Guttman’s Dr. Kristina Baines Organizes and Co-Hosts Anthropology Webinar Addressing Contemporary Issues
With Co-Founder and Co-Director of Cool Anthropology Victoria Costa, Guttman Faculty Dr. Kristina Baines organized and co-hosted the interactive virtual event Anthropology and the Public: Pressing Questions, Responsibilities and Opportunities, which aired live on YouTube on March 1, 2021. The webinar brought together a wide network of anthropologists, social scientists, educators, students, and practitioners of various fields to exchange and elaborate critical, multidisciplinary ideas that contribute to the public good. Featuring panelists and breakout sessions to address an array of contemporary social and environmental issues, the gathering included discussions concerning public health, medical anthropology, climate change and environmental justice, race and racism, media, journalism, technology, and art. The workshop included student facilitators from 5 continents, over 300 registrants, 150 active participants, including Guttman alumna, former Peer Mentor, and College Assistant Hannia Delgado and former Guttman staff member Baird Campbell. The event was funded through a grant by the Wenner Gren Foundation and co-sponsored by the New York Academy of Sciences Anthropology Division and Berghan Books.
Assistant Professor of Chemistry Dr. Jihyun Kim has co-authored “Brown grease pyrolysis under pressure: Extending the range of reaction conditions and hydrocarbon product distributions,” an article published in the April 2021 issue of Fuel, a top-tier peer-reviewed journal featuring primary research in the science and technology of fuel and energy. Written with Dr. Lawrence Pratt of Medgar Evers College, CUNY, Dr. Hoy Yin Lo, President and CEO of Synovel Laboratory, LLC, and Dr. Dequan Xiao of University of New Haven, the paper documents the use of a pressure reactor to explore the effects of higher temperatures and pressure on brown grease and to transform waste into fuel. Significantly, the research “resulted in shorter reaction times, reduced formation of undesirable ketone byproducts, and a higher percentage of the most valuable light hydrocarbon products.” This project builds on Dr. Kim’s longstanding focus on the potential beneficial uses of biofuels – brown grease, for one – and the development of eco-friendly chemical processes to reduce or eliminate toxic chemical waste.
Guttman Faculty Drs. Makris and Gatta Publish Op-Eds on “Equitable and Just” Recovery for US Cities and Towns
Following the publication of their book, Gentrification Down The Shore, Guttman Urban Studies faculty Dr. Molly Vollman Makris and Dr. Mary Gatta released op-eds in The Progressive and ArcaMax, Politics section, on February 12, 2021. Based on research the co-authors conducted on Asbury Park, New Jersey, both articles respond to the Biden administration’s American Rescue Plan for economic recovery during the ongoing pandemic. In “Rescue Our Cities and Towns” and “Commentary: Rescue our cities and towns,” the co-authors emphasize “long-term progressive planning… that means a continued focus on economic security for working families, fully funded public education, universal health care, and environmental and racial justice measures.” By calling for an “equitable and just” policy direction, Drs. Makris and Gatta assert that cities and towns throughout the United States “will need sustained support from the federal government to survive and thrive in a COVID-19 world.”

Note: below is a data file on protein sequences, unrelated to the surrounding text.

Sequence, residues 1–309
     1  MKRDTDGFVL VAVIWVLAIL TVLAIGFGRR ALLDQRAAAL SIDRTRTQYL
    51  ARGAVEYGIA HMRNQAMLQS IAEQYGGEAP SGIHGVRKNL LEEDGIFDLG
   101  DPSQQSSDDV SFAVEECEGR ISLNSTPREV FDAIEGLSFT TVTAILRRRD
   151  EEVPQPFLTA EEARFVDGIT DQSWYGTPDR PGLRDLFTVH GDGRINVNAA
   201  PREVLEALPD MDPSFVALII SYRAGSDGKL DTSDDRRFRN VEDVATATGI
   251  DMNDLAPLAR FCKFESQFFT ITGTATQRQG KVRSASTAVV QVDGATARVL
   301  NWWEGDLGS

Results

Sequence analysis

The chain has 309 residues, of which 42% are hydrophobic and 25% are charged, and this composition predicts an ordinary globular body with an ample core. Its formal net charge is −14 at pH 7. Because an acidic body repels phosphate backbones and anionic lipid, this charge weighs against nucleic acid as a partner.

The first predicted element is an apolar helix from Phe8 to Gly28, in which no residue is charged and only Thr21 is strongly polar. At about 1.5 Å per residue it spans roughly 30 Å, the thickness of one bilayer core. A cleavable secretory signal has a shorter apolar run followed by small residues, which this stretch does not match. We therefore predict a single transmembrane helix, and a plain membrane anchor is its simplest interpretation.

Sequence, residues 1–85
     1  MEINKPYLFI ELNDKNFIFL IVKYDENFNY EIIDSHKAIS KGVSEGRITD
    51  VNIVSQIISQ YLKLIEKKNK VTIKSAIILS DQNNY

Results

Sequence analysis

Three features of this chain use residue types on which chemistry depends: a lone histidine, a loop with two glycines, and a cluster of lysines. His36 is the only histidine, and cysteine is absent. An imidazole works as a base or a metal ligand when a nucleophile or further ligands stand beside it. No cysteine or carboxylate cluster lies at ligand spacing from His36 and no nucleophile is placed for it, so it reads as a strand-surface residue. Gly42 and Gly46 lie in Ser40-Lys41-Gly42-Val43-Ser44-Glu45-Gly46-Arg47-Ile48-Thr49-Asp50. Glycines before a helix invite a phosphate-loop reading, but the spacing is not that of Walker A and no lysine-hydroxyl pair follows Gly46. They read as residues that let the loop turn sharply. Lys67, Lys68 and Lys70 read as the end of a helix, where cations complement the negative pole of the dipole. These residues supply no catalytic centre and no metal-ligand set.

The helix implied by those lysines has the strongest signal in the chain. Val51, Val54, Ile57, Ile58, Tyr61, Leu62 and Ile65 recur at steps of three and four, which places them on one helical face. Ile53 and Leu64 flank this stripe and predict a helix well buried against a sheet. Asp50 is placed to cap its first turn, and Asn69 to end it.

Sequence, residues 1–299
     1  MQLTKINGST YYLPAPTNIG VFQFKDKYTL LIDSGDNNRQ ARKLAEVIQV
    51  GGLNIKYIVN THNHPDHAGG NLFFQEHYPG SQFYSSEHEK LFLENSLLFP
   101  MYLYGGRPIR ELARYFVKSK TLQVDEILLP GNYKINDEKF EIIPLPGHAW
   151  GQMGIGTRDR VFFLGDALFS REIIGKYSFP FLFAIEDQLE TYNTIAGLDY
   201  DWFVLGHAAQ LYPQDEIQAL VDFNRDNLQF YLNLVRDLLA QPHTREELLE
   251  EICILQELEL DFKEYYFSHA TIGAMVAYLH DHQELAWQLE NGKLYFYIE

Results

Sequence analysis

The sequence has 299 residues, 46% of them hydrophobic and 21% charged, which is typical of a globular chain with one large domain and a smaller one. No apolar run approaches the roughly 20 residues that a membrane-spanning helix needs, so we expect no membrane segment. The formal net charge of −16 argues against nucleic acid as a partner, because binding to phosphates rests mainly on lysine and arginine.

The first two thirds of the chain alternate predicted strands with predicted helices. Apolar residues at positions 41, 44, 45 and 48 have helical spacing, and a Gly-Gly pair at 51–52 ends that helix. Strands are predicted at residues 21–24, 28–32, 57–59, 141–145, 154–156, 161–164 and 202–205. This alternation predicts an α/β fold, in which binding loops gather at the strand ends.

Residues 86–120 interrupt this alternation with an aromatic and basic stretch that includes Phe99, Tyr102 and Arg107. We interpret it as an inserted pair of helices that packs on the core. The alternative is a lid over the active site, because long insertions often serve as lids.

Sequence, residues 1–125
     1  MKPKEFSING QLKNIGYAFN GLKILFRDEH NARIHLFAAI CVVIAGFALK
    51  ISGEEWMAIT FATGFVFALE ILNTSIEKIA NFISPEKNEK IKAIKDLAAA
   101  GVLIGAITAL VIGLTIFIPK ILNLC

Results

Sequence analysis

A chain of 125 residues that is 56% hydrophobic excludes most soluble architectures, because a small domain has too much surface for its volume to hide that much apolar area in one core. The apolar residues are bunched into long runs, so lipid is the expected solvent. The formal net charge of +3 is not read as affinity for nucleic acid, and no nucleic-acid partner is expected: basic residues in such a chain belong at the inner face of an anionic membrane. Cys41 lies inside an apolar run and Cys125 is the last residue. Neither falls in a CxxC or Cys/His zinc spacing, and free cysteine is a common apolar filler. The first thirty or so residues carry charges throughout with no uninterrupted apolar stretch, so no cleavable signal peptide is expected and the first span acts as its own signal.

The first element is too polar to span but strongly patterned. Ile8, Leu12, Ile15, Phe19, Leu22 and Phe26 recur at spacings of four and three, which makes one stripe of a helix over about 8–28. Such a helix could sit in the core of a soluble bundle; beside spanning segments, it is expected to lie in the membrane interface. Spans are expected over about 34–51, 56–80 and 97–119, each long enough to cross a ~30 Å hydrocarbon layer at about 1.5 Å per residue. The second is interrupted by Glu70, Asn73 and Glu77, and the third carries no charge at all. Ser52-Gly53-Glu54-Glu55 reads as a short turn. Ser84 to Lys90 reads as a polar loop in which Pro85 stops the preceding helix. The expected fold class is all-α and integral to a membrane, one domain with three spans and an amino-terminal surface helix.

Guttman Community College Partners with LaGuardia Community College on Program to Virtually Connect Young People Around the World—Funded by Stevens Initiative
Grantees will bring together thousands of young people from the United States and the Middle East and North Africa for an exciting opportunity to engage with global peers through virtual exchange.
Urban Studies Program Coordinator Receives Spencer Foundation Grant for Research with Parent and Youth Activists in New York City
With Co-Principal Investigators Dr. Mira Debs (Yale University) and Dr. Elise Castillo (Trinity College), Guttman’s Dr. Molly Vollman Makris was awarded a Spencer Foundation COVID-19 Related Research Grant. Their proposal, “New York City School Integration Activists during covid-19,” was one of only 20 to be funded, out of a competitive pool of 1,369 “education research projects that would contribute to understanding the rapid shifts in education in relation to COVID-19.” The team’s research with parent and youth activists in New York City, beginning during the summer of 2020, has potential impacts on policy that are urgent in the context of the “twin pandemics of COVID-19 and systemic racism.” Along with its “anti-deficit orientation,” the study also met the criterion of “aim[ing] to understand and disrupt the reproduction and deepening of educational inequality caused by the COVID-19 crisis.” In Dr. Makris’ important work, which resonates with Guttman’s institutional dedication to equity, the Spencer Foundation “recognized that in times of great disruption and change, there are opportunities to remake and imagine new forms of equitable education.”